Svalbard meteorological observations since 1898 and 1912

Svalbard meteorological observations since 1912. The thin lines indicate the annual values, while the thick line is the simple running 5-yr mean. Click here to read about running means and data smoothing. The diagram has been prepared using the composite monthly meteorological series homogenised by the Norwegian Meteorological Institute. The data may be downloaded from their official data access website, or from the Rimfrost.no website. Click here to visit a website illustrating some of the difficulties associated with stitching together the different Svalbard meteorological records. Last update: 26 September 2014.

  • Click here to see a simpler version of the above diagram.

  • Click here to see a comparison of models for Svalbard temperature development after 2010.

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Comments

Summer (JJA) surface air temperature is relatively constant, while all other seasons show large interannual variations, and control variations shown by the annual temperature. Especially the temperature relation between mid winter (DJF) and late winter and spring (MAM) has changed considerably over the observational period. Until 1926 MAM was clearly warmer than DJF, but in the following period, until 1944, these two seasons were almost equal as to air temperature. Since 1945, however, MAM again has been clearly warmer than DJF, especially during the two relatively cold periods 1958-1971 and 1976-1996. During the general temperature increase since 1997, the temperature difference between DJF and MAM has again decreased somewhat. The difference between DJF and MAM is seen to be controlled mainly by variations in the DJF air temperature. This varying relation between DJF and MAM therefore suggests that a change in sea ice conditions may be reflected in the temperature data. The Svalbard meteorological series consists of data obtained at four different measurement sites. These data series have subsequently been homogenised and stitched together (Førland et al. 1997). All meteorological stations, however, have been located near the coast, where modern observations suggest that variations in sea ice cover during the winter influence significantly on the air temperature recorded. Warm winter periods thereby partly may be the result of less sea ice than during cold winter periods. Had the meteorological stations instead being located inland, the warm winter periods would presumably have been recorded as somewhat colder.

Click here to read an analysis of the effect of the presence or absence of sea ice on recorded winter air temperatures in Svalbard.

The annual precipitation typically varies between 120 and 230 mm w.e., but the relation between air temperature and precipitation is complex. In contrast to simple physical expectations and the output from global and regional climate models, the relatively cold period 1955-1995 was characterised by a relatively high annual precipitation, and the warming period since 1996 has been characterised by decreasing annual precipitation. Presumably orographic effects derived from variations in the prevailing wind direction and wind speed may cause variations in the precipitation recorded. In addition, precipitation in windy Arctic areas like Svalbard is notorious difficult to measure and precipitation values are exposed to a high degree of uncertainty.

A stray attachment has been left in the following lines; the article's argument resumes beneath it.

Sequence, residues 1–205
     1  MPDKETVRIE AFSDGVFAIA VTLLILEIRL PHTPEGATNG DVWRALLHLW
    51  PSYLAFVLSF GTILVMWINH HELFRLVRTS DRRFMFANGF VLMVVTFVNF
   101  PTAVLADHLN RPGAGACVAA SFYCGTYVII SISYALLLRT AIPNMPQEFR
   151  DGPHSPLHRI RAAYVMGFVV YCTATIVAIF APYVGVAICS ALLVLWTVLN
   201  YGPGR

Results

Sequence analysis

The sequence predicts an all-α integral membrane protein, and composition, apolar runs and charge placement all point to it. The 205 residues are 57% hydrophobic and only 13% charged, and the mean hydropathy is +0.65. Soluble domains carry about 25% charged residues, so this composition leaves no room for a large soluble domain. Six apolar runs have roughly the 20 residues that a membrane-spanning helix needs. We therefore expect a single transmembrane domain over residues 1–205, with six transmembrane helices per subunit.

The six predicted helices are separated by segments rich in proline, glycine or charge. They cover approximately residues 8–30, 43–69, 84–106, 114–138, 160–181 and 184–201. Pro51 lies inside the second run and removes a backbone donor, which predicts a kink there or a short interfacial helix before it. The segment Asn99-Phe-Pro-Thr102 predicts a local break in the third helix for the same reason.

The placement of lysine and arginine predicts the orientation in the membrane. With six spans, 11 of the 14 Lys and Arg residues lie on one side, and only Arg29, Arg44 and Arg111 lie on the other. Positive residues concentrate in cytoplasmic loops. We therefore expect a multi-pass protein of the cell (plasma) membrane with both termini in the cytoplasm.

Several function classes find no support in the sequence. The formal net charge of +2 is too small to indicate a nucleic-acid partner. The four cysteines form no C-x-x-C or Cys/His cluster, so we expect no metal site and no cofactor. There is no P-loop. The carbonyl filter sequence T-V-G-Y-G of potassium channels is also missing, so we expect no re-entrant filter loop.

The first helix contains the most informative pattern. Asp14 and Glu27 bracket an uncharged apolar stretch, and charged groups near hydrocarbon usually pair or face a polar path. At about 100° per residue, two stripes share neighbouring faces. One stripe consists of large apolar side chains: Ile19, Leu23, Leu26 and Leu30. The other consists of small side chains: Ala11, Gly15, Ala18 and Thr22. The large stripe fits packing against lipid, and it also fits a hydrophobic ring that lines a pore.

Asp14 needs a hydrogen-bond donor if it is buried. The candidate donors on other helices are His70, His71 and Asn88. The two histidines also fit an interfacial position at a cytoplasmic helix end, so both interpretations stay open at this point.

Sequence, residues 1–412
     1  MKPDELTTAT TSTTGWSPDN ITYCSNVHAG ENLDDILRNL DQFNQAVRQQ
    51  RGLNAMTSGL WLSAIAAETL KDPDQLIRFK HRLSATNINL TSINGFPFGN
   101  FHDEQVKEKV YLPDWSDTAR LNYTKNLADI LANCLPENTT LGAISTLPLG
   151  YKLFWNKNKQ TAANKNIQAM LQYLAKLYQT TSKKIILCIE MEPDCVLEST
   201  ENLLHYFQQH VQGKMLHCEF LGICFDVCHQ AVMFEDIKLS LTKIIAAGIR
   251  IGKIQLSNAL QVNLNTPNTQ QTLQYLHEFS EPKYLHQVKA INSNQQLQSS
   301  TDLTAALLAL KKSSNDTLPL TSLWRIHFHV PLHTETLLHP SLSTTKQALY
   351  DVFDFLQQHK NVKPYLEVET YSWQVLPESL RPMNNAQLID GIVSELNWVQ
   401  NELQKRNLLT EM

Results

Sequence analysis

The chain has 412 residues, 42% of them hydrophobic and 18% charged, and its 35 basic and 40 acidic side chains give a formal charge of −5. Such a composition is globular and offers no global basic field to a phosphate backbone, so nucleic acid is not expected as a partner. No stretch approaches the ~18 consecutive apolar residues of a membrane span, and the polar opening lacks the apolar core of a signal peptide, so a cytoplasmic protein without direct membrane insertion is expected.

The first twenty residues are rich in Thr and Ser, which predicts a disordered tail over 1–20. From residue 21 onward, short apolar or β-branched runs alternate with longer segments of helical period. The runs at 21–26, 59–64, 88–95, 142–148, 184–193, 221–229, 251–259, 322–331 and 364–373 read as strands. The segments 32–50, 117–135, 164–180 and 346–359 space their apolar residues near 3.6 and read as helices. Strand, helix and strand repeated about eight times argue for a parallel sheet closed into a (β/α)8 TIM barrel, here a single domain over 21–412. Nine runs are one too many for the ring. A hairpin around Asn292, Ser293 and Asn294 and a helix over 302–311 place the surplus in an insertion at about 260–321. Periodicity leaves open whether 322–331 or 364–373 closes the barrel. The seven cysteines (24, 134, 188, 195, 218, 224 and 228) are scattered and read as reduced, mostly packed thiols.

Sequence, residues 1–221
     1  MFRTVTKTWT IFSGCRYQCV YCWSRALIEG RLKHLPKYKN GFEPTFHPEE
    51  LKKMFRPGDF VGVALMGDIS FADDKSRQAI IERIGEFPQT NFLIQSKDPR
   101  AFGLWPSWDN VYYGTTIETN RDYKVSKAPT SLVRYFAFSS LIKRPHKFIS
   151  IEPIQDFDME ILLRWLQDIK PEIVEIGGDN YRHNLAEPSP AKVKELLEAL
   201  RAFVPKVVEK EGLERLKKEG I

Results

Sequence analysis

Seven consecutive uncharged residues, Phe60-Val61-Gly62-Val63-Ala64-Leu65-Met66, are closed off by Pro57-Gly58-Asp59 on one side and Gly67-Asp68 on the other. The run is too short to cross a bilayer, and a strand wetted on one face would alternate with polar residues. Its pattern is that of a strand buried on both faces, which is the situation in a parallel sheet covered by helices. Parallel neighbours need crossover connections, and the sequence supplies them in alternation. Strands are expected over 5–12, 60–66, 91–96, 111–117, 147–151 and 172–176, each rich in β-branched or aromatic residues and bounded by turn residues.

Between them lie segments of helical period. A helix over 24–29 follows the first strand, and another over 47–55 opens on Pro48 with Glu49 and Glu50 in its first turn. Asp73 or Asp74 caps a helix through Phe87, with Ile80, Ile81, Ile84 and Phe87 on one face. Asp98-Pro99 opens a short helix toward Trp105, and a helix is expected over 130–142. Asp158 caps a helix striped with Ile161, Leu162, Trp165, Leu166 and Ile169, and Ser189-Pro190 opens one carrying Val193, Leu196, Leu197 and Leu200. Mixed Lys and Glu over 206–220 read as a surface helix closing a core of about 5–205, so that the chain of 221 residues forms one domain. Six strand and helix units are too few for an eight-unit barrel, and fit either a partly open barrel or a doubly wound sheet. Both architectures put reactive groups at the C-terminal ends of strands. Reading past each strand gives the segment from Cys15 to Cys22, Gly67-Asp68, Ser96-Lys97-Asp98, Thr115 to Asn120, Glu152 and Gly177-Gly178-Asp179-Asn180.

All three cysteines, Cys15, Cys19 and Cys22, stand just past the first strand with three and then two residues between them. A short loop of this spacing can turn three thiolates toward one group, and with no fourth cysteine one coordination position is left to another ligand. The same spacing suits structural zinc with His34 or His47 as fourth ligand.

Svalbard meteorological observations since 1912. Points indicate annual values, while the thick line is the simple running 5-yr mean. Click here to read about running means and data smoothing. The diagram has been prepared using the composite monthly meteorological series homogenised by the Norwegian Meteorological Institute. The data may be downloaded from their official data access website, or from the Rimfrost.no website. Last update: 26 September 2014. 

  • Click here to see a comparison of models for Svalbard temperature development after 2010.

 

 

See also some recent litterature on Svalbard meteorology:

Førland, E.J., Benestad, R., Hanssen-Bauer, I., Haugen, J.E., and Skaugen, T.E. 2012. Temperature and Precipitation Development at Svalbard 1900–2100. Advances in Meteorology. Volume 2012, Article ID 893790, 14 pages, doi:10.1155/2011/893790.

Humlum, O., Solheim, J.-E., and Stordahl, K. 2011. Identifying natural contributions to late Holocene climate change. Global and Planetary Change 79, 145-158.

Humlum, O., Solheim, J-E. and Stordahl, K. 2012. Spectral analysis of the Svalbard temperature record 1912-2010. Advances in Meteorology. Volume 2012, Article ID 175296, 14 pages, doi:10.1155/2012/175296.  

Nordli, Ø., Przybylak, R., Ogilvie, A.E.J., and Isaksen, K.. 2013 (submitted): Long-term temperature trends and variability on Spitsbergen: The extended Svalbard Airport Temperature Series 1898-2012.

Solheim, J-E., Stordahl, K. and Humlum, O. 2012. Solar activity and Svalbard temperatures. Advances in Meteorology. Volume 2012, Article ID 543146, 8 pages, doi:10.1155/2012/543146.

Solheim, J-E., Stordahl, K. and Humlum, O. 2012. The long sunspot cycle 23 predicts a significant temperature decrease in cycle 24. Journal of Atmospheric and Solar-Terrestrial Physics. 80, 267-284, doi:10.1016/j.jastp.2012.02.008.

   

 

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